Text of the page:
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article imageJapan accused of 'cover-up' in radiation level reports

By Karen Graham     Mar 26, 2014 in World
People in Japan's Fukushima prefecture have been demanding government transparency in reporting radiation data for some time now, and the information has been slow in coming, especially with officials wanting residents to move back to the affected area.
This lack of transparency dates back to 2011, and the Fukushima Daiichi nuclear plant failure, and has continued right up to today. Some say it is due to Japanese bureaucrats working in a culture where it is important to avoid responsibility and, above all, criticism. But with peoples lives at stake, and the real severity of the radiation accident, now is not the time to avoid taking responsibility.
On Monday, a source spoke with the Mainichi newspaper, saying the a Cabinet Office team has delayed the release of radiation measurements from three Fukushima Prefecture municipalities, planning to release them at a later date with recalculated, lower results.
The three municipalities in question are currently under evacuation orders imposed after the 2011 Fukushima Daiichi disaster, and there are plans to rescind that order in the very near future. Miyakoji district of Tamura is expected to have its evacuation order lifted on April 1, and the eastern part of Kawauchi is supposed to have its evacuation order lifted later this year.
According to one source, the radiation levels were actually higher than those reported immediately after the disaster, and this was enough to prompt the Cabinet Office team, assembled to help victims and their families, to withhold the results, worrying that residents wouldn't want to move back to their homes.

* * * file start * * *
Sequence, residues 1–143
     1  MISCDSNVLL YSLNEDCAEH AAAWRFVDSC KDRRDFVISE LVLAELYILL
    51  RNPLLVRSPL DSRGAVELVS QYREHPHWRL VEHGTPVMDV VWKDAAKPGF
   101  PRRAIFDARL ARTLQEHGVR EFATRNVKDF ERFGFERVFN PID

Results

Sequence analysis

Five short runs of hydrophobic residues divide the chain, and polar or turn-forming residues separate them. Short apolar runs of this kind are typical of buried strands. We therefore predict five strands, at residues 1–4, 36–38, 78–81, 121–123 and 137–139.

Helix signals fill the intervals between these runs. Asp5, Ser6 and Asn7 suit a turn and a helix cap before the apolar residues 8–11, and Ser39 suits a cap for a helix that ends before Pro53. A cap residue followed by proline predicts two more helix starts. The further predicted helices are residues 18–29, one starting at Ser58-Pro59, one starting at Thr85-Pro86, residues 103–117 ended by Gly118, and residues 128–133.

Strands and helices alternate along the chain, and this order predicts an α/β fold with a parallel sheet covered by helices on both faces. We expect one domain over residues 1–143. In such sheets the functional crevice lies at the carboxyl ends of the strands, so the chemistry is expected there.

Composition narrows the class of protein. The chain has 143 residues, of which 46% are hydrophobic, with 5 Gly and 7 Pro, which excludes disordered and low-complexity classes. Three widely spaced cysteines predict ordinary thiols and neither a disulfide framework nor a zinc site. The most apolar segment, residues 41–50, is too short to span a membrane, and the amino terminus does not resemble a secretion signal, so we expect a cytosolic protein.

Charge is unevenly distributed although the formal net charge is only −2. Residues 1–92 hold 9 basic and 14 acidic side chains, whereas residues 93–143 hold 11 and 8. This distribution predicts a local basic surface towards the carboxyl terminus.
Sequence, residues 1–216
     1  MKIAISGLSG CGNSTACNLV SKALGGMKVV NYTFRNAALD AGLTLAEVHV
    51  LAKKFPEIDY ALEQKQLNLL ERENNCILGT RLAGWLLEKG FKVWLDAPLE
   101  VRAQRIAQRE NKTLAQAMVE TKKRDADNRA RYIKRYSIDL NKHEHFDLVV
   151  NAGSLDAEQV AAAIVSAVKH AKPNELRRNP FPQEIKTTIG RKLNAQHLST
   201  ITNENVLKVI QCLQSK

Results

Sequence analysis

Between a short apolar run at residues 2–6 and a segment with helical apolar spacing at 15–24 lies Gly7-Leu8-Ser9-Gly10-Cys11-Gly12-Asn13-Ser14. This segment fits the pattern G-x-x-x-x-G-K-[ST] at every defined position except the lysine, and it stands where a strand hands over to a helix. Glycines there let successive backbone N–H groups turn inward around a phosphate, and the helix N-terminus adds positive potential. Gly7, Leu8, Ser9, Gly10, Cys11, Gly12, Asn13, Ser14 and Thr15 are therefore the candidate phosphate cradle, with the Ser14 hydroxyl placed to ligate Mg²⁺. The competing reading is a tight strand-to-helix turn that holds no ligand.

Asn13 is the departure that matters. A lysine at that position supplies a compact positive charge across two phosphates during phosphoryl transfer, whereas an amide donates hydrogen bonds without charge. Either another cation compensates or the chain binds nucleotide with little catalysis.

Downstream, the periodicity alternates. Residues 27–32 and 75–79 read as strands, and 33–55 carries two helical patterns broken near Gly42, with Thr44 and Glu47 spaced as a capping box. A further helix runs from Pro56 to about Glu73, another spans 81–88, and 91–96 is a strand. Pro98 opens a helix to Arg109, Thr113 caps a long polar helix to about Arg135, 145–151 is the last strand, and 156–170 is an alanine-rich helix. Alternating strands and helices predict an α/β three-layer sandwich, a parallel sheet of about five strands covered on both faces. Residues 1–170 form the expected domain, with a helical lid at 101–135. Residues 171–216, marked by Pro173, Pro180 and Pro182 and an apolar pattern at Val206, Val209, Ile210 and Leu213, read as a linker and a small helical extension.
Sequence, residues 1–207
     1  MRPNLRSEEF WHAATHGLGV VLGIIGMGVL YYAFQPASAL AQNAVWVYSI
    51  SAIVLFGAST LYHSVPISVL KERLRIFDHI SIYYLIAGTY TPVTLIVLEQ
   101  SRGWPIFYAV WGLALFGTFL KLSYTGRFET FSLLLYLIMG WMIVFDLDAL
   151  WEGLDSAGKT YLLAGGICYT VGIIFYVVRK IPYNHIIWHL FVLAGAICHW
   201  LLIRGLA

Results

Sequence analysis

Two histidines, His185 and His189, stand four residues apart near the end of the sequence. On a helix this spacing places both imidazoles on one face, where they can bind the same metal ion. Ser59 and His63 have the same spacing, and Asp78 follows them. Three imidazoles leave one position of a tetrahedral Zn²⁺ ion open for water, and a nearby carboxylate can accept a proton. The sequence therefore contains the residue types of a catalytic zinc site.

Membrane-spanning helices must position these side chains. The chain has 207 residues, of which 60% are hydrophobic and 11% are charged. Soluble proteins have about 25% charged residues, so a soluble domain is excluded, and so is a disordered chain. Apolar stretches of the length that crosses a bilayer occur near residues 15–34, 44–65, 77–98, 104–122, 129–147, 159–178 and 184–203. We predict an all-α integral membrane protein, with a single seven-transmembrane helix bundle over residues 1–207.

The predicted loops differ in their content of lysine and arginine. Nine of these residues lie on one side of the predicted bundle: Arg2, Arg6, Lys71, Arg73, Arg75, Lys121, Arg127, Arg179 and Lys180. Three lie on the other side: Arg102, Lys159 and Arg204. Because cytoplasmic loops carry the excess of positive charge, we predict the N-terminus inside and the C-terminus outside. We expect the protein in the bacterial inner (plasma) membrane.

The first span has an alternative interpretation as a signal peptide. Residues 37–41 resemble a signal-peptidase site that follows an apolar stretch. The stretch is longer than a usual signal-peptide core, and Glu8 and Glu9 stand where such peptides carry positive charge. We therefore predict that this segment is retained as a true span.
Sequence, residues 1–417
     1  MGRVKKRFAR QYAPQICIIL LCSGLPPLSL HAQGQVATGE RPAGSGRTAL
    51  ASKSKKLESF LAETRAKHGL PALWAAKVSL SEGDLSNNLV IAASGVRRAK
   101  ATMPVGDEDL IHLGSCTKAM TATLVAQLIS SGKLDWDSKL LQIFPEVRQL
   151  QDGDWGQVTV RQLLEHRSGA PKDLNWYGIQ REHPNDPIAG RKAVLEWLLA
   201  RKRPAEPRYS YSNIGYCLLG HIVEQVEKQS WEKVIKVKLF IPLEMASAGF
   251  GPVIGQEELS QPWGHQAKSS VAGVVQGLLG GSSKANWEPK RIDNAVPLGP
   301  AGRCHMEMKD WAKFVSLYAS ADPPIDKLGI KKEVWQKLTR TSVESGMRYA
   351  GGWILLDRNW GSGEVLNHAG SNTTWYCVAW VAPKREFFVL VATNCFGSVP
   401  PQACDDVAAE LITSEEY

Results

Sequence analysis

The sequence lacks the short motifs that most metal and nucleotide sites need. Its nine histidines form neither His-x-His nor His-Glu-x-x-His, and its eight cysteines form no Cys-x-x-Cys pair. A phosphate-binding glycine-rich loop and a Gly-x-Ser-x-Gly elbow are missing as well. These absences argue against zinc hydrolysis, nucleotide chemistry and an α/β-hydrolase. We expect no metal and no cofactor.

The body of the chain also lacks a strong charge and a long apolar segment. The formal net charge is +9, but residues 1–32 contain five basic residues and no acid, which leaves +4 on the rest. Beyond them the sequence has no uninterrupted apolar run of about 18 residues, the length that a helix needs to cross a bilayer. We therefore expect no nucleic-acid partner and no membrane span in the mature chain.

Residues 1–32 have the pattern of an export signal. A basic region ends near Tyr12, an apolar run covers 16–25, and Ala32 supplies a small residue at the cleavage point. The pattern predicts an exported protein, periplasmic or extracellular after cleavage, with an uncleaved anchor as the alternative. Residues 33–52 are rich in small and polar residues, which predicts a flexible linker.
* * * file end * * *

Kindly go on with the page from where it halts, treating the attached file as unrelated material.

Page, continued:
Mainichi has also acquired documents, drawn up last November, that detailed the radiation data, and intended for release, but these figures were never made public. The measurements were taken by the Japan Atomic Energy Agency (JAEA) and the National Institute of Radiological Sciences (NIRS) from the city of Tamura’s Miyakoji district, the village of Kawauchi and the village of Iitate.
Dosimeters were set up inside and outside homes, schools and other buildings. They were also enclosed in plastic boxes on farmlands and in wilderness areas. This information was given to the Cabinet Office team in mid-October. Most radiation data had been taken from the air, and the team wanted to compare the different data to come up with radiation estimates based on job types, such as farmers, salespeople and school children.
The first thing the Cabinet Office team noticed was the difference in readings from the older Fukushima dosimeters used in the ground studies, compared to the much higher aerial readings, using newer technologies. The team had planned to release these figures, thinking they would show how much lower the radiation levels were to the Nuclear Regulation Authority team sometime in September on up to November, of course, putting great emphasis on the lower numbers.
It was expected that the levels would be about 1 to 2 millisieverts a day, but data showed the levels to be at 2.6 to 6.6 millisieverts, much higher than expected. Knowing this information would have a big impact on the residents of the area, the JAEA and NIRS recalculated the results, changing times that farmers spent outdoors to five or six hours a day instead of eight hours a day. These results looked much better, and this altered report was to be released.
Atsuo Tamura, with the Cabinet Office team confirmed the report had been recalculated and the figures have not been released, but denied any cover-up, saying “We did not hold the results back because they were too high. We did so because it was necessary to look into whether the assumptions for residents’ lifestyle patterns matched reality.”
Shinzo Kimura, an associate professor of radiation and hygiene at Dokkyo Medical University told the Mainichi, "The assumption of eight hours a day outside, 16 hours inside is commonly used, and it is strange to change it. I can't see it as anything but them fiddling with the numbers to make them come out as they wanted."
More about Inside sources, Coverup, government transparency, japanese officials, fukushima
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